The Thanksgiving Turkey pardon by the President of the United States is a weird tradition that some claim originated with Lincoln at the request of his young son. Others point to John F. Kennedy in 1963. Whenever the practice began, the turkey presented to the president is always pardoned and sent back to the National Turkey Federation (founded in 1947 as official turkey supplier). (5)

odd modern traditions

Strange Religious Traditions

Baptism for the dead is found in the Mormon religion. The baptism of a dead person is allowed via proxy and must be conducted in a Mormon temple. (6)

In India, Jainism is a religion that’s divided into two sects, the Digambars and the Shwetambars. The Digambar sect is considered orthodox and its monks reject comfort and property and live in nudity as a symbol of their dedication to these earthly rejections. (7)

The religious sect of Jehovah’s Witnesses mandates that its members do not consume blood and point to the Bible governing this law. As such, members do not eat anything with blood and are not allowed to have blood transfusions under any circumstances. (8)

odd traditions

Odd Holiday Traditions

Christmas Day

In Japan, the Christmas meal isn’t a turkey, but a big bucket of Kentucky Fried Chicken (KFG) complete with a holiday decorated bucket. (9)

In Caracas, Venezuela, the city closes the streets to traffic so the citizens can use the streets to roller skate to morning mass. Another tradition is for children to tie strings to a toe and then hang the strings from a window so skaters can tug them awake in time for mass. (10)

Easter Oddities

In Finland, Easter almost resembles an American Halloween. Children, dressed as witches, call on neighbors the Thursday before Easter (Maundy Thursday). The children wish their neighbors good health and much wealth and carry a decorated willow twig. Those called upon in their homes reward the children with candy and coins. (11)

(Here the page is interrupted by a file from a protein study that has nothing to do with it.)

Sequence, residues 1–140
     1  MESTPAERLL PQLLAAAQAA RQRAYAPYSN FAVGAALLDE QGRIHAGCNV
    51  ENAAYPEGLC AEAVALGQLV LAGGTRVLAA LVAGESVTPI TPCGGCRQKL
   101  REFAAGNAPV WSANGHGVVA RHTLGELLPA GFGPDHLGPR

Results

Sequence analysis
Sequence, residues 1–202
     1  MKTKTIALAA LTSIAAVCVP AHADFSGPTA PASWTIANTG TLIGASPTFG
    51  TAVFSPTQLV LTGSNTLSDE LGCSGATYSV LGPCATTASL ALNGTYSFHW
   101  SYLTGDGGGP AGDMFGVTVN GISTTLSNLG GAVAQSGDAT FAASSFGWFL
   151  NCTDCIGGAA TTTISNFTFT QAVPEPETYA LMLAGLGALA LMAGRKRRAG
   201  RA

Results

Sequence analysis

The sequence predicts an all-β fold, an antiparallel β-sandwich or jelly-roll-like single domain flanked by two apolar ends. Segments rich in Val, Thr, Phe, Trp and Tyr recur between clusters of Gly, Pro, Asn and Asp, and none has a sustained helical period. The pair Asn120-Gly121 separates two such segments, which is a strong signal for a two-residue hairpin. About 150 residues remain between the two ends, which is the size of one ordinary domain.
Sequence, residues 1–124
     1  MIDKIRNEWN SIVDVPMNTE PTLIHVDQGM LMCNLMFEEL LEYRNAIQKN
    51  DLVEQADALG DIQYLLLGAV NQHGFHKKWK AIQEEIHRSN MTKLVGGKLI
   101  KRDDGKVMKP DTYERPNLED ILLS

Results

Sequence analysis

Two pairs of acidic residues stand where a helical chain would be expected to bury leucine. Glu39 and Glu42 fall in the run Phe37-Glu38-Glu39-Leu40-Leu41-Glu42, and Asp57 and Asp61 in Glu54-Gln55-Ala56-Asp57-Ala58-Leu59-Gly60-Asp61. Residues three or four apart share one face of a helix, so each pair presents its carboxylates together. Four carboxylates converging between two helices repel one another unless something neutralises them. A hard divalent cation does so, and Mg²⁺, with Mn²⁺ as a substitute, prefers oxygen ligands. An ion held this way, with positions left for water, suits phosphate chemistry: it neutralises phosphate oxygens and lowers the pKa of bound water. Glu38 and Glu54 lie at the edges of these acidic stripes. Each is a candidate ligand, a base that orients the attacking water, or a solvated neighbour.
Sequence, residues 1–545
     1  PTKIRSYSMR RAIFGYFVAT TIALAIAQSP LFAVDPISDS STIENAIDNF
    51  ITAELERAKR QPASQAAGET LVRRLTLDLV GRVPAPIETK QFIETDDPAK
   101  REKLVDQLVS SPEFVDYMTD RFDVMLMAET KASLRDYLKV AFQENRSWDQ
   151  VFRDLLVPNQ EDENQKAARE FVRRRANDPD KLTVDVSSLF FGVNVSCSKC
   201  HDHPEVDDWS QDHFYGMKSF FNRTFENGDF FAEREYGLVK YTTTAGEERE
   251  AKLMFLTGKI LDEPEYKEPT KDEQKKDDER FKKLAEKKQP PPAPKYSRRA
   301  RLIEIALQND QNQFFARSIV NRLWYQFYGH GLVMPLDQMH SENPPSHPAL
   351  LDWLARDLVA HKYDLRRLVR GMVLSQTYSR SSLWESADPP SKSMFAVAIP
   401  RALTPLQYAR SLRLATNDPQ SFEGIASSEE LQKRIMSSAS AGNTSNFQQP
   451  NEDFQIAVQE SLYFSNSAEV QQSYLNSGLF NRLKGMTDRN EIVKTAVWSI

In Haux, France, a giant omelet is prepared in the town square with over 4,500 eggs in the tradition started by Napoleon and his army. The omelet typically feeds 1,000 or more people. (12)

In Russia, butter carved into the shape of a lamb is the Easter table centerpiece.

In Poland, men are forbidden to make bread or any other food on this holiest of days for fear their mustaches will turn gray. (13)

Many traditions are national or confined to a specific region or city. Some people start their own family traditions that are carried on from one generation to another. Often this is as simple as a family recipe served on various holidays or attending The Nutcracker Ballet. Many family traditions revolve around a religion or culture.


References & Image Credits:
(1) Smashing Lists
(2) Cuban Christmas
(3) Tagalong Lang
(4) Punkin Chunkin
(5) White House
(6) LDS Church Temples
(7) Jain Study
(8) The Jehovah Witnesses
(9) SF Gate
(10) List 25
(11) Skandland
(12) Woman’s Day
(13) Stuff
(14) Tuuur via photopin cc
(15) Chicago Parent
(16) haven’t the slightest via photopin cc

Originally published on TopSecretWriters.com

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Mark Dorr grew up the son of a treasure hunter. His experiences led to working internationally in some surprising situations!
 
Mark R. Whittington, from Houston, Texas, frequently writes on space, science, political commentary and political culture.